2003-01-23 / Arts & Entertainment

Da Vinci Drawings Now On Exhibit At Met Museum

Da Vinci’s pioneering anatomical researches are documented in a drawings such as the one above of a human skull.Da Vinci’s pioneering anatomical researches are documented in a drawings such as the one above of a human skull.

The first comprehensive exhibition of Leonardo da Vinci’s (1453-1519) drawings ever presented in America, Leonardo da Vinci, Master Draftsman, a landmark international loan exhibition, will bring together nearly 120 works by one of the most renowned masters of all time—the very embodiment of the Renaissance ideal of the universal genius.

On view at The Metropolitan Muse-um of Art now through March 30, Leo-nardo da Vinci, Master Draftsman will survey Leonardo’s staggering contribu-tion as artist, scientist, engineer, theorist, and teacher. Gathered from more than 25 private and public collections in Europe and North America–with unprecedented loans coming from the Royal Library of Windsor Castle, the Musée du Louvre, and the Gallerie dell’ Accademia in Venice–the exhibition will include many rarely exhibited works and an astounding variety of drawing types, reflecting virtually every aspect of the artist’s artistic and intellectual achievement. Of special importance are the numerous studies for some of his most famous paintings—including the Virgin and Child with St. Anne, the Adoration of the Magi, The Last Supper, and the now-lost Battle of Anghiari—as well as the extraordinary loan of the Vatican Museums’ St. Jerome Praying in the Wilderness, an unfinished painting that shows much of the artist’s original underdrawing.

Comprehensive in scope, the exhibition also features many of Leonardo’s celebrated anatomical and plant studies and designs for machines.

Philippe de Montebello, Director of the Metropolitan, commented on the exhibition:"Perhaps no other artist be-fore or after him has engendered such a wide-ranging appreciation for his gifts of eloquent observation, refinement of technique, and boundless intellectual curiosity. The selection of works vi-vidly illustrates the full spectrum of Leonardo’s astonishing output, from spontaneous notations of scientific principles to highly finished presentation drawings for his most acclaimed masterpieces."


Leonardo Da Vinci’s drawing, “The Head of a Virgin.”Leonardo Da Vinci’s drawing, “The Head of a Virgin.”

Leonardo da Vinci, Master Drafts-man will survey the rich variety of draw-ing types for his artistic projects—from quickly sketched primi pensieri (first thoughts) to highly finished preparatory and presentation drawings—as well as landscape, botanical, anatomical, and military engineering drawings of monumental expression.

Among the first highlights encountered in the exhibition will be a comparative presentation of the large finished studies of young women’s heads by Leonardo’s teacher, the Florentine master Andrea del Verrocchio (ca. 1435-88), whose style and techniques the young Leonardo closely imitated. These drawings—known since the 16th century as teste divine (divine heads) for their exquisite drawing technique and elegiac beauty of form—transcend their original function as exercises in drafts-manship.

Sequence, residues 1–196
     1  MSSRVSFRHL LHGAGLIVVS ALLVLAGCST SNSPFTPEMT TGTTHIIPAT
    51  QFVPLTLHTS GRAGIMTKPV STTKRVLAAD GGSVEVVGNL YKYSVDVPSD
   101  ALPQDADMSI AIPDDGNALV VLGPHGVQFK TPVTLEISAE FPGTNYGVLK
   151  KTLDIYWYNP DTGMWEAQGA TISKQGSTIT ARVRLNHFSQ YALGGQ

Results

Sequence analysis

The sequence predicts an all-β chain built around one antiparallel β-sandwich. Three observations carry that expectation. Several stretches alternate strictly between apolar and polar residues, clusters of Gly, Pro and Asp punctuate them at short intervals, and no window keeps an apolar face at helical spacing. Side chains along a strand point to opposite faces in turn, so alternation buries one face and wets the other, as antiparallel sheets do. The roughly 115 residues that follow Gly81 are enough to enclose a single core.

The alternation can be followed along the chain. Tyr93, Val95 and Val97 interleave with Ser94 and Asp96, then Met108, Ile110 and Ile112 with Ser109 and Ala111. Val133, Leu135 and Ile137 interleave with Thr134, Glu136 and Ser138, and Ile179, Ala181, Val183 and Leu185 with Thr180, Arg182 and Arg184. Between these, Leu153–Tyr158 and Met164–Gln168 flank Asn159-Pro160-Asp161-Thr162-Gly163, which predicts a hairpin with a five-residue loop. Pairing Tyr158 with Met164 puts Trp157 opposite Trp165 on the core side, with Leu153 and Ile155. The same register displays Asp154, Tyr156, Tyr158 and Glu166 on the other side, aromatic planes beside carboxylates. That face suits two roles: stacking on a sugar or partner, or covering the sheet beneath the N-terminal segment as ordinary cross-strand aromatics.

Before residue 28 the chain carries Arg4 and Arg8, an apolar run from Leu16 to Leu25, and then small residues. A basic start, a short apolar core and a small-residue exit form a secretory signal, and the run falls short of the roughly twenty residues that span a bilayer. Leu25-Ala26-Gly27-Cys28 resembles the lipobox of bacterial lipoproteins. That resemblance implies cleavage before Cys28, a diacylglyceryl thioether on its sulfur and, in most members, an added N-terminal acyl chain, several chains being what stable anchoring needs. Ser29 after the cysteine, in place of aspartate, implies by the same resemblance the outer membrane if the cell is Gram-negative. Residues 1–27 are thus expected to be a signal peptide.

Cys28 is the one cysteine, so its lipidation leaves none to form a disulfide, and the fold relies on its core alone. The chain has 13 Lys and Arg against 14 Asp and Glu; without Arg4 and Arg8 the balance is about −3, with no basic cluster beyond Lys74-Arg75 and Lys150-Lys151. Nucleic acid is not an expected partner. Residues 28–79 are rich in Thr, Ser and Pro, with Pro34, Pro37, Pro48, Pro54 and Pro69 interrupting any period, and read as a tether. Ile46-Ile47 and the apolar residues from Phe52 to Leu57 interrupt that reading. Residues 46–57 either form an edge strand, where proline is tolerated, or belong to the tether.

The exhibition brings together some 12 compositional and figure studies believed to be related to Leonardo’s unfinished altarpiece of the Adoration of the Magi (Uffizi, Florence), one of his first independent commissions, begun in 1481. Also from the artist’s early maturity comes one of the exhibition’s most important objects— the panel painting of St. Jerome Praying in the Wilderness (Vatican, Vatican City). Left unfinished, like the Uffizi Adora-tion, it will provide visitors with an extraordinary glimpse into Leonardo’s creative process, as he moved from underdrawing to the realization of forms in paint.

The exhibition will also bring to-gether a group of drawings for the be-loved painting Virgin and Child with Saint Anne (Paris, Musée du Louvre), offering an opportunity to redefine the chronology and evolution of this complex late project. The magical study for the head of the Virgin (at left) also provides insight into the development of Leonardo’s innovative graphic tech-niques—most particularly his use of sfumato, an art-historical term created to describe his seamless blending of tone in the manner of smoke.

His pioneering anatomical researches are documented in a double-sided sheet of studies of the human skull (Royal Library, Windsor Castle), based on direct observation and rendered in ex-quisitely fine parallel hatchings, and a drawing, inscribed "Tree of Veins" (also from Windsor Castle), illustrating the main organs relating to the blood vessels.

The exhibition will also be featured on the Museum’s Web site, www.metmuseum.org. For more information call (212) 535-7710.

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